The organisations in this list all have records relating to Māori land and can be used as a starting point for research into Māori land.
Māori Land Court
The Māori Land Court is a court of record. Its principal function is to record the ownership of Māori land. The records date from 1862.
The Court has a continuous history of recording Māori land ownership, right from the first Crown Grants to the present time. The Court must approve the sale of Māori land, the transfer of shares in Māori land between owners or to new shareholders, the alienation of Māori land (by lease or licence) and the partition (subdivision) of Māori land. The Court proceedings are recorded in Minute Books of the Māori Land Court, and decisions are recorded by Court orders, sealed with the official stamp of the Court by the presiding judge.
Three or more judges of the Māori Land Court may convene as the Māori Appellate Court to hear appeals against judgments of the Māori Land Court or to consider matters related to the traditional tribal boundaries, referred to it by the Waitangi Tribunal for decision.
Judges may also be called upon to be presiding officers of the Waitangi Tribunal when the Tribunal sits in divisions.
Te Puni Kokiri
The main role of Te Puni Kokiri is to provide high quality policy advice to government on:
- The Crown's relationship with iwi, hapu, and Māori; and
- The Government's objectives, interests and obligations relating to Māori.
The Māori Trustee
The Māori Trustee's main activities are:
- Administration of certain blocks of Māori-owned land that are held under an agency or trust for the owners
- Collection and distribution to owners of rents and other income from the land that the Māori Trustee administers
- Investment of trust monies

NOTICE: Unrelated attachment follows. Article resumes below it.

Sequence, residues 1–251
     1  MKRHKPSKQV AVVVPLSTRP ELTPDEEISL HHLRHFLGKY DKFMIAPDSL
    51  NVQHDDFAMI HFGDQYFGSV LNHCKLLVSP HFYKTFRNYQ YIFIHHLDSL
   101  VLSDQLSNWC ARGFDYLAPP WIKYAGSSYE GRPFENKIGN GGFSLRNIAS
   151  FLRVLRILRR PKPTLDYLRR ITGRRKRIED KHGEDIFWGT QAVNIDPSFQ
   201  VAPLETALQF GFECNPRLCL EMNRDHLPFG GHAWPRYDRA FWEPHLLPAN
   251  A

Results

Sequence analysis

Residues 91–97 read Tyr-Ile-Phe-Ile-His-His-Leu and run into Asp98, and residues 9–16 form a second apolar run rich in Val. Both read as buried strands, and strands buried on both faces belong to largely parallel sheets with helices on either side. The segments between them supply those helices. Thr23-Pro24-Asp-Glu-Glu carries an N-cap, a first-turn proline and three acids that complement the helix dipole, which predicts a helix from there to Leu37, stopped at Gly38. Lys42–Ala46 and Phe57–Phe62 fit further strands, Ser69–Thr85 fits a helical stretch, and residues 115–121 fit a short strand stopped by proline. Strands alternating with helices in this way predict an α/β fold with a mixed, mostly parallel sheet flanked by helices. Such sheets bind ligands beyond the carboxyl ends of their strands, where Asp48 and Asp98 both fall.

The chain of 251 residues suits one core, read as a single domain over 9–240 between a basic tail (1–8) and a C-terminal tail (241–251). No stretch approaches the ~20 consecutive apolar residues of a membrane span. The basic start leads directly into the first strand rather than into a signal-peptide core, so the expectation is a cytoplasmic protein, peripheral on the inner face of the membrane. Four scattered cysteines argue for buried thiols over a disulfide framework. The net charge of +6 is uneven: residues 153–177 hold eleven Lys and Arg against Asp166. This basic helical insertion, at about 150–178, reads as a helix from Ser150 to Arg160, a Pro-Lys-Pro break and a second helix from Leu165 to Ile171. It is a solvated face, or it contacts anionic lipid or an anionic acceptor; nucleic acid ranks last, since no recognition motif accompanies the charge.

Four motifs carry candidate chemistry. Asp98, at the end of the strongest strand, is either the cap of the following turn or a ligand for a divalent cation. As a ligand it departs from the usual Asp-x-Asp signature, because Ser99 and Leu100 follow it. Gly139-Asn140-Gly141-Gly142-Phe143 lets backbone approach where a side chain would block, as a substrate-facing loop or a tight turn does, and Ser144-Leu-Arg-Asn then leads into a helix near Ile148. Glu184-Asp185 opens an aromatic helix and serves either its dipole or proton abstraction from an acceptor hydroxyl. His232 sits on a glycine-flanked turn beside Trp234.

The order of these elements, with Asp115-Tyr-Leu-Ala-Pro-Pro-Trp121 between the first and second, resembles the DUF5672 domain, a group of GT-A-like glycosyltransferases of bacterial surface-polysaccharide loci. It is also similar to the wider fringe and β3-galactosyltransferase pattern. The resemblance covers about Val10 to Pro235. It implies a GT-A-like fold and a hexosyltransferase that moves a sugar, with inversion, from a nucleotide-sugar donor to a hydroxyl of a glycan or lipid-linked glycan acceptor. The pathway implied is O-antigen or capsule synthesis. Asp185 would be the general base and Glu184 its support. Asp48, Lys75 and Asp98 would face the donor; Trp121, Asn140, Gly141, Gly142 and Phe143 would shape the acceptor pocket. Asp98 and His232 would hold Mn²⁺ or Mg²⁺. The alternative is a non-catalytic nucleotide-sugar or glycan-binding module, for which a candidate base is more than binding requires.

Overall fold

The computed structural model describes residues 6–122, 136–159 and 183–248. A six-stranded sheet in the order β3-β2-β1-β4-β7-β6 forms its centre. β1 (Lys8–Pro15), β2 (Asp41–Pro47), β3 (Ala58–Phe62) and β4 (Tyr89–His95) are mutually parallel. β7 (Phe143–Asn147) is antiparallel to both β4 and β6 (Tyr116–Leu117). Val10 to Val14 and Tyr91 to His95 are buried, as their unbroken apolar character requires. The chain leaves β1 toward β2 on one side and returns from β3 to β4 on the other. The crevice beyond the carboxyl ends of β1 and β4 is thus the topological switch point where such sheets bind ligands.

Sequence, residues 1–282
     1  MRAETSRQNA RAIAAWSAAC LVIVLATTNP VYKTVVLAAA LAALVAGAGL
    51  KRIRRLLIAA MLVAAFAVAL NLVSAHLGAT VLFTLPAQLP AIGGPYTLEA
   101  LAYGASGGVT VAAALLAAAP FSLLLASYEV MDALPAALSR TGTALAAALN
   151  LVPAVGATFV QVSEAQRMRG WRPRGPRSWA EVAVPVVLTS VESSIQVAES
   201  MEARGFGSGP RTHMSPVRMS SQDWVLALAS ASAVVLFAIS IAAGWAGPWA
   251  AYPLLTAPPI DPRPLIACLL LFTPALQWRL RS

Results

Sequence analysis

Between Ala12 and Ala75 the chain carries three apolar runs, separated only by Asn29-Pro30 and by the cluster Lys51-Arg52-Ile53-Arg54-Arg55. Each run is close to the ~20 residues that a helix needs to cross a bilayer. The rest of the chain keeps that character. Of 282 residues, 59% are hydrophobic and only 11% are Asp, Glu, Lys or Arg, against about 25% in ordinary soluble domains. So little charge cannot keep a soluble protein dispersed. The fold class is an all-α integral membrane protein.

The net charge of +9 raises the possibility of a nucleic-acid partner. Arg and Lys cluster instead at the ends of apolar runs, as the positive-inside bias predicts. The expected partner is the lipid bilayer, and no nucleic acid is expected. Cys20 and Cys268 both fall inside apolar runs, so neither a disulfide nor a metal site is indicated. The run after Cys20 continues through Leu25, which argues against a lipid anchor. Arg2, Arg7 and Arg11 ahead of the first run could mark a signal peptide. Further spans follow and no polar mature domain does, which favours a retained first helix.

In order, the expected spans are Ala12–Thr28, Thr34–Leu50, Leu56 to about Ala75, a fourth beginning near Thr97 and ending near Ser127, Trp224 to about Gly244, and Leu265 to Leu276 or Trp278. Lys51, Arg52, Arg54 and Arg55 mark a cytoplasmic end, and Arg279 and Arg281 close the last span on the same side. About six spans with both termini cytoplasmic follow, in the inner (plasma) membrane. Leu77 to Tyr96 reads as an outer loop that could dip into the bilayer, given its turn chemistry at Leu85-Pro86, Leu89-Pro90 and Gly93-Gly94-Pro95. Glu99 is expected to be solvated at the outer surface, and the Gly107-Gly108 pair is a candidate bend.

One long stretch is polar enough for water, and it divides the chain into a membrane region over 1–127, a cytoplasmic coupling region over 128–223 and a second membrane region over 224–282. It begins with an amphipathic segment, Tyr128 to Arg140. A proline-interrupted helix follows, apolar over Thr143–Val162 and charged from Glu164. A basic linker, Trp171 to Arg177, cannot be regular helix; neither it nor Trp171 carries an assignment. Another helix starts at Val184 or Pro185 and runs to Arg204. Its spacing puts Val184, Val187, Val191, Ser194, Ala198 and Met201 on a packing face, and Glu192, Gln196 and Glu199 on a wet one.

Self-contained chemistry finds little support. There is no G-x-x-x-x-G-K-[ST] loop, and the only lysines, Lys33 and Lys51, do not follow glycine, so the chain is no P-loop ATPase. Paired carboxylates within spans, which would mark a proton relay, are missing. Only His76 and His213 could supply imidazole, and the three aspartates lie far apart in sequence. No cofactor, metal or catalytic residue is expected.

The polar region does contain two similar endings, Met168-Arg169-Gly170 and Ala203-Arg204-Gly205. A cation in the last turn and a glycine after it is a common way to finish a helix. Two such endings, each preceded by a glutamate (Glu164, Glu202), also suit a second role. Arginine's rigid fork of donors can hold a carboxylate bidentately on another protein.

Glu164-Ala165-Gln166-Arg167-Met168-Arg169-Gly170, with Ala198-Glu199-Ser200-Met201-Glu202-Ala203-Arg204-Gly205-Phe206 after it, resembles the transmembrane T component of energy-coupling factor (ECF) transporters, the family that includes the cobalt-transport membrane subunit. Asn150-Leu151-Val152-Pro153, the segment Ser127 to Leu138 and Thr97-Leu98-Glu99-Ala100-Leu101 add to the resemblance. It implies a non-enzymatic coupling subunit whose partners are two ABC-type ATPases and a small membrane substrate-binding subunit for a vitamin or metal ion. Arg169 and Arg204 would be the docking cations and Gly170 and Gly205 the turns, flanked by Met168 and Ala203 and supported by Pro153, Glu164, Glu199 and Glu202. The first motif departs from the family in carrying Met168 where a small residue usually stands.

More information about the Māori Trustee is available here: http://www.tetumupaeroa.co.nz/the-m-ori-trustee.
Archives New Zealand
Archives New Zealand ensures access to, and preservation of, those official records which have significantly affected the development of New Zealand, the function of its government, and the lives and liberties of its citizens.
Archives has a database of Māori Land Court Minute Books published as the New Zealand and Pacific Collection by the University of Auckland, September 1996.
Some land record types are also held with Archives New Zealand. Check the list of record locations to see where particular record types are available from.
The role of the Waitangi Tribunal is to make recommendations to government on claims brought by Māori relating to the practical application of the Treaty of Waitangi and to determine whether the matters claimed are inconsistent with the principles of the Treaty of Waitangi.
The Tribunal has recommendatory powers only (except in relation to section 27B of the State Owned Enterprises Act 1986) but many of its past recommendations to government have been accepted and implemented. The Tribunal reports that have been published to date are a rich source of Māori histories.
Te Arawhiti - the Office for Māori Crown Relations
The primary functions of Te Arawhiti - the Office for Māori Crown Relations are to:
- Negotiate on behalf of the Crown the settlement of historical grievances under the Treaty of Waitangi;
- Implement settlements that have been reached;
- Administer the Mechanism for the Protection of Māori interests in surplus Crown lands (the Māori Protection Mechanism).
The National Library holds rich and varied collections of research material, and houses the Alexander Turnbull Library - a storehouse of words, pictures and sounds that tell us about the activities of people in New Zealand and the Pacific.
Crown Forestry Rental Trust
The Crown Forestry Rental Trust has records relating to the Crown land over which Crown Forest Licences are issued. Further information about the Trust is available on it’s website: http://www.cfrt.org.nz/